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This article was published on August 16, 2017

Meet the tiny Windows 10 PC designed for the internet of things

Meet the tiny Windows 10 PC designed for the internet of things
Neil C. Hughes
Story by

Neil C. Hughes


Neil Hughes is a tech columnist, ghostwriter for tech leaders and host of the daily show, The Tech Talks Daily Podcast. Neil Hughes is a tech columnist, ghostwriter for tech leaders and host of the daily show, The Tech Talks Daily Podcast.

Pocket sized computers such as the Raspberry Pi have transformed DIY computing over the years. Here in 2017, the IoT juggernaut is gathering pace and is taking things to another level as the next generation of potential development platforms arrives.

Robotics and open source hardware provider DFRobot cater to the niche product needs for robotic enthusiasts. The platform began by winning the hearts and minds of the robotic aficionados who provide tools, electronics, training for schools, hacker spaces, and hackathon events.

Creative communities are joining forces to collaborate and to create modern tech products that inspire each other to learn and let their creative spirit run wild. DFRobot believes that learning, sharing and creating are the perfect trio to build a base of futuristic ideas that will enable users to achieve proficiency in the art of tech creation.

A combination of inspiration and user-friendly products highlight how our imagination is the only limit when it comes to the art of the possible. However, the innovation driven platform is now attempting to pave the way to bring revolutionary changes to the world.

Step forward, LattePanda, their portable single board computing device that takes the lead in the department of size and efficiency. The revolutionizing mobile single board computing device leaves iPhone behind when it comes to its size, by being 40% smaller than the Apple favorite.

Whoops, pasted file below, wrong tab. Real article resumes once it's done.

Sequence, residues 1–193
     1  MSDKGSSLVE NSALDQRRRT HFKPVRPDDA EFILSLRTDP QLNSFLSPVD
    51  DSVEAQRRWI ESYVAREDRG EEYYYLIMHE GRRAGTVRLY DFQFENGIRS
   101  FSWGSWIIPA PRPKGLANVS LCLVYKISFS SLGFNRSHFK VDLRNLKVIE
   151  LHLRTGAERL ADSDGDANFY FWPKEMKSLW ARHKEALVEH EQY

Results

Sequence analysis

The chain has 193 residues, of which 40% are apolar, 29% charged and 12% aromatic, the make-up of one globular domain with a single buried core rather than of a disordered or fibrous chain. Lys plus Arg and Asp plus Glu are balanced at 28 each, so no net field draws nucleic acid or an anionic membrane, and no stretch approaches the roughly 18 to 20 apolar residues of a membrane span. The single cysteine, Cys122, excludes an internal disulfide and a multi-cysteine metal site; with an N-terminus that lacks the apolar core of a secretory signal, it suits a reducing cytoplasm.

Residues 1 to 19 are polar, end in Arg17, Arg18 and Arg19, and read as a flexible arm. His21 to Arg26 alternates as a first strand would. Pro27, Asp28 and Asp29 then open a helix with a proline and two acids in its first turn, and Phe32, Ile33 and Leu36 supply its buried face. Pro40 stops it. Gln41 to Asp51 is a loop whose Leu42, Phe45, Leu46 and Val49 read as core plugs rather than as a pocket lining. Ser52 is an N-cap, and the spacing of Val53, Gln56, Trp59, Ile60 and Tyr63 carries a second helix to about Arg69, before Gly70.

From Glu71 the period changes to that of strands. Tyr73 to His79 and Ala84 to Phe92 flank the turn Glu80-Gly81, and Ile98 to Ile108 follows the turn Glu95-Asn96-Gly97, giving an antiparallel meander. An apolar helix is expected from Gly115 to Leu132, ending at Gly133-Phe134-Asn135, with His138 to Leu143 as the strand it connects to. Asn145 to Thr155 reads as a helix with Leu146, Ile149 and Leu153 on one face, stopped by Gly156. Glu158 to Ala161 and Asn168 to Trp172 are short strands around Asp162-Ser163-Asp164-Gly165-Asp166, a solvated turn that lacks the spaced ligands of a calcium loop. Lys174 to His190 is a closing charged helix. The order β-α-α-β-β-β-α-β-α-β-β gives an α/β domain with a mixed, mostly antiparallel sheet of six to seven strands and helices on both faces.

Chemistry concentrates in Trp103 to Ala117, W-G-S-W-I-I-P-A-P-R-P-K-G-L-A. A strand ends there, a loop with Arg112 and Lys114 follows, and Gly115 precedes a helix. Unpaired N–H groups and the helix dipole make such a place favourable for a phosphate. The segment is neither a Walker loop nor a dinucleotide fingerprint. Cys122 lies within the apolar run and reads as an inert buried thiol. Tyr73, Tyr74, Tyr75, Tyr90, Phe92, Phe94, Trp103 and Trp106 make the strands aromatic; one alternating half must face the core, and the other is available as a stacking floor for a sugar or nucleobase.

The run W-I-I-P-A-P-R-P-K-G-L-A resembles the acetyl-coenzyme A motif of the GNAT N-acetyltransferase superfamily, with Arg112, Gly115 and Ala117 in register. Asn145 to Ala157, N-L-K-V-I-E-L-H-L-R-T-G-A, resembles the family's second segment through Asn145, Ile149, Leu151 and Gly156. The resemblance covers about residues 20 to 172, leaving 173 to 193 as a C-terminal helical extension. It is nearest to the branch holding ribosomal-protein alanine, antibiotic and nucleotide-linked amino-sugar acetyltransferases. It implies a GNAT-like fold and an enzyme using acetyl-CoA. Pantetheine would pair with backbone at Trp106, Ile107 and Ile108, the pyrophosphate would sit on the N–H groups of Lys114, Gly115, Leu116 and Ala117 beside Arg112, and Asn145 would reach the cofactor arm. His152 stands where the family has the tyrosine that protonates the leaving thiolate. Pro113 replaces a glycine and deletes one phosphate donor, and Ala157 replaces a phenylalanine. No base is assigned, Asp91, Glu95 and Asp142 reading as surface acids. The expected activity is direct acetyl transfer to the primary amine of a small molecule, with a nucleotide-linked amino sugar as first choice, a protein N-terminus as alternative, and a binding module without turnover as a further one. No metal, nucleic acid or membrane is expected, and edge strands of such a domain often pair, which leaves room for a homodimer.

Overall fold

A computer that is the size of a packet of cigarettes somehow has an Intel Cherry Trail Z8350 Quad Core Processor, 2GB Ram and 32GB flash storage. But when you throw in 1x USB 3.0, 2x USB 2.0 ports, onboard Wi-Fi 802.11n 2.4G and Bluetooth 4.0, this compact PC demands to be taken seriously.

However, it’s not all about the size. The small single board computing device can also run a full version of almost every operating system available in the market, most notably Windows 10. What makes it unique is the device’s adaptability, being compatible with every gadget and gizmo the market has to offer.

The combination of being Arduino compatible, and the ability to use Windows 10 as its primary operating system will capture the attention of techies. The Raspberry Pi competitor packs a punch is double the price of many alternatives, although it’s worth noting that cheaper iterations offer a much lower spec and flexibility.

One of the biggest challenges facing the developer communities was the lack of available tools needed to create Windows-based projects. LattePanda is attempting to solve this problem by adding Windows to these small computers.

For anyone that either needs a little more power for their projects or feels more comfortable with the luxury of having Windows 10 as an OS, it will be worth paying a little extra. LattePanda is serving as an alternative that has all the same (if not better) technology than a traditional PC.

Use cases include emulating gaming consoles along with designing and printing three-dimensional structures. With torrent downloads and TV access made easy too, it’s easy to see why so many early adopters are stepping into the future with DFRobot and the opportunities that LattePanda might offer.

When I spoke to Ricky Ye, the CEO of DFRobot on my podcast, he advised how they were passionate about not discriminating from DIY experts, hobbyist, educators to researchers and engineers. Everyone is welcome to bring their ideas to the table and he hoped that the creation of innovative and user-friendly products will become the building blocks for future projects and prototypes.

The project was brought to life by over 4,000 backers on Kickstarter who pledged over £440,000. Only time will tell if developers and creatives put this technology through its paces and unlock its creative potential.

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